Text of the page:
Cameron Peak wildfire spreads across Northern Colorado

Harley DeGan

Updated 9/8

As outlined by the 72-hour plan from Incident Information System, the cold front has assisted those working on dissipating the wildfires and the Larimer County Sheriff’s Office has lifted the mandatory evacuations from Highway 14 from Stove Prairie to Gateway Park, County Road 52E east to County Road 27E and County Road 27 south from County Road 44H and east to include Buckskin Heigh, as well as downgrading some evacuations from mandatory to voluntary in a number of communities.

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Despite some people’s ability to return to their homes, as of 11:51 a.m., the full reach of these fires is now sitting at 160 square miles. The current containment rests at 4% with the projected containment date estimated at Oct. 31. 

Fires ignited due to an unknown cause 15 miles southwest of Red Feather Lakes, Colorado, at approximately 1:48 p.m. Aug. 13. The wildfires — now known as the Cameron Peak wildfire — have grown due to Colorado’s hot, dry weather spells and windy conditions.

The wildfire is the 5th largest in Colorado’s state history, according to the The Gazette.

As of 9:40 p.m. Sept. 7, the fire was reported to cover 150.72 square miles with a containment of 4%, growing from the 92.3 square miles it was at 8:12 a.m.

At 10:32 a.m. the Larimer County Sheriff’s Office tweeted out a voluntary evacuation notice to those residents living or running businesses off County Road 52E, Davis Ranch Road, Whale Rock Road and west to County Road 27E.

At 4:46 p.m. LCSO issued an emergency message ordering mandatory evacuations of Red Feather and Crystal Lakes residents and business occupants and at 5:06 p.m. issued a mandatory evacuation of the Lady Moon and Red Feather Highlands areas.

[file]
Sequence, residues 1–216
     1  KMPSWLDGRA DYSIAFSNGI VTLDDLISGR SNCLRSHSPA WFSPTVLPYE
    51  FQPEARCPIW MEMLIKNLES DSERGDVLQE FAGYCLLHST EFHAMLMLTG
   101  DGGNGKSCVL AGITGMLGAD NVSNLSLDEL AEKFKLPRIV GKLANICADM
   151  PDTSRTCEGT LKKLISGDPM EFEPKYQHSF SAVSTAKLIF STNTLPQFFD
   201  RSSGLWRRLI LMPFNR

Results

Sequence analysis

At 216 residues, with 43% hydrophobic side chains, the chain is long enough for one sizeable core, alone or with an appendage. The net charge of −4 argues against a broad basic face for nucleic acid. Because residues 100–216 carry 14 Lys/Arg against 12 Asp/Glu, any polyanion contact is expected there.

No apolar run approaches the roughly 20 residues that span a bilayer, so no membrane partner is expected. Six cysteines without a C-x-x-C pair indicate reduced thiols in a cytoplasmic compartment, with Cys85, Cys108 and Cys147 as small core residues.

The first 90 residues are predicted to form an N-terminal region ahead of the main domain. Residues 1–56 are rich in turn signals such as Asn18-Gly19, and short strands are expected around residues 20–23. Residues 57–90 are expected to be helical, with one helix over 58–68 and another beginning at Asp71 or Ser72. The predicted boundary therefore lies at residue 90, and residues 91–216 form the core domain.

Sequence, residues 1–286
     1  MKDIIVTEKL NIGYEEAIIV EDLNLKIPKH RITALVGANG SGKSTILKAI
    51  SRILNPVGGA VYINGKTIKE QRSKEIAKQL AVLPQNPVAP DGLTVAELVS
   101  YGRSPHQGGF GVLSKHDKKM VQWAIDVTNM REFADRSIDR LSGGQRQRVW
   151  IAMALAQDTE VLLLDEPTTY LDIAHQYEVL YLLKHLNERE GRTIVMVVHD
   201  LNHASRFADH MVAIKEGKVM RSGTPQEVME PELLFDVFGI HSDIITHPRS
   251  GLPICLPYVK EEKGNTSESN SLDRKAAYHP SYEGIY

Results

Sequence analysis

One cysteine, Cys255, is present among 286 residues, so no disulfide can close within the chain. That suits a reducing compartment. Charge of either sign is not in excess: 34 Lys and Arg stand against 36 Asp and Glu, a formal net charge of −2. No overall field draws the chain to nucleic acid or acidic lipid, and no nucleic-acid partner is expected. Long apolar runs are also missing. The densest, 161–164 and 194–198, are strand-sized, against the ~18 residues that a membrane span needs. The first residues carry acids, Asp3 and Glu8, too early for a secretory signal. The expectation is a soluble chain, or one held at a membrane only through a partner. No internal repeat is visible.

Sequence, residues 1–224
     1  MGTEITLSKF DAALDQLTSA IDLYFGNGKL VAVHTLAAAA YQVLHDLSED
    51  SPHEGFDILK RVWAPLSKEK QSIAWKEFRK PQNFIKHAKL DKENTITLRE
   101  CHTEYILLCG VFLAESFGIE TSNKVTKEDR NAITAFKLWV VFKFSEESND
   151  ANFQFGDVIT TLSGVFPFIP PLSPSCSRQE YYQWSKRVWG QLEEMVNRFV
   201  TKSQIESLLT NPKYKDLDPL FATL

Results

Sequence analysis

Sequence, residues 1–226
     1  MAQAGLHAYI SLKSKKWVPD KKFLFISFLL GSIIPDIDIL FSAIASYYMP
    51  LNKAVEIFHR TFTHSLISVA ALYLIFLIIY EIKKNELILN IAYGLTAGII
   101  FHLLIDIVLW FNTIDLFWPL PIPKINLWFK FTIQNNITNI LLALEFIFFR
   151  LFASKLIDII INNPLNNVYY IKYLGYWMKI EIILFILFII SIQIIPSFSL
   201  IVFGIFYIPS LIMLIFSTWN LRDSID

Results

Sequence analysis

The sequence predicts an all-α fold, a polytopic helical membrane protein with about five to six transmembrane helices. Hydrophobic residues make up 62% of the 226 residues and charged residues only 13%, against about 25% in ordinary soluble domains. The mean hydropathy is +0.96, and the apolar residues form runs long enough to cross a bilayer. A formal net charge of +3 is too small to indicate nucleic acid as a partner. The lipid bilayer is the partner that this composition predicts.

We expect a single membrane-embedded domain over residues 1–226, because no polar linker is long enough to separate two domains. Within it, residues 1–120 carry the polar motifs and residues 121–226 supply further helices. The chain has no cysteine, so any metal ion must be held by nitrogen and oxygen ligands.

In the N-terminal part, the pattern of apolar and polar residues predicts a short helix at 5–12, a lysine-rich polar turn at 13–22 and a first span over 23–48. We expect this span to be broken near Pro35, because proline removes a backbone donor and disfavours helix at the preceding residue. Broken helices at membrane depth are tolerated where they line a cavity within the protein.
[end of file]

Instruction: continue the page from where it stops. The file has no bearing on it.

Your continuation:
This is in addition to the mandatory evacuations put out this morning for those along Highway 14 from Kelly Flats to Stove Prairie Landing, south on County Road 27 to County Road 44H and east to Stratton Park. The Larimer County Sheriff’s Office warns that it is imperative for those under mandatory evacuation not to delay leaving in order to gather belongings or make any attempts to protect their home or business.

For updates, Larimer Emergency Telephone Authority is asking residents to text LCEVAC to 888777 and to only call 911 if they are in immediate danger.

Air quality across Northern Colorado into the Denver-Boulder area is established to be unhealthy for sensitive groups, with the concentrations of fine particulates from the fires reaching the “unhealthy for sensitive groups” category.

The Colorado Department of Public Health and Environment advises everyone affected to reduce prolonged or heavy exertion, and to avoid it altogether for older adults, children and those with heart or lung disease through midnight Sept. 7. 

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According to the Incident Information System, fire behavior is expected to diminish Monday evening when weather conditions are projected to be cold and snowy. These conditions should wet the fires through Tuesday morning before gradually warming into sunny skies later in the week.

“For updates, Larimer Emergency Telephone Authority is asking residents to text LCEVAC to 888777 and to only call 911 if they are in immediate danger.”

Currently, their projected containment date for the Cameron Peak wildfire is Oct. 31. 

“I ask all of you to please send thoughts to the incredibly courageous, dedicated people who are working to control the fire and protect our community at tremendous risk to themselves,” said CSU President Joyce McConnell in an email to students concerning the wildfires. 

As of Monday night, the IIS website showed there to be 829 total individuals working to contain this wildfire.

Harley DeGan can be reached at news@collegian.com or on Twitter @HarleyKDeGan.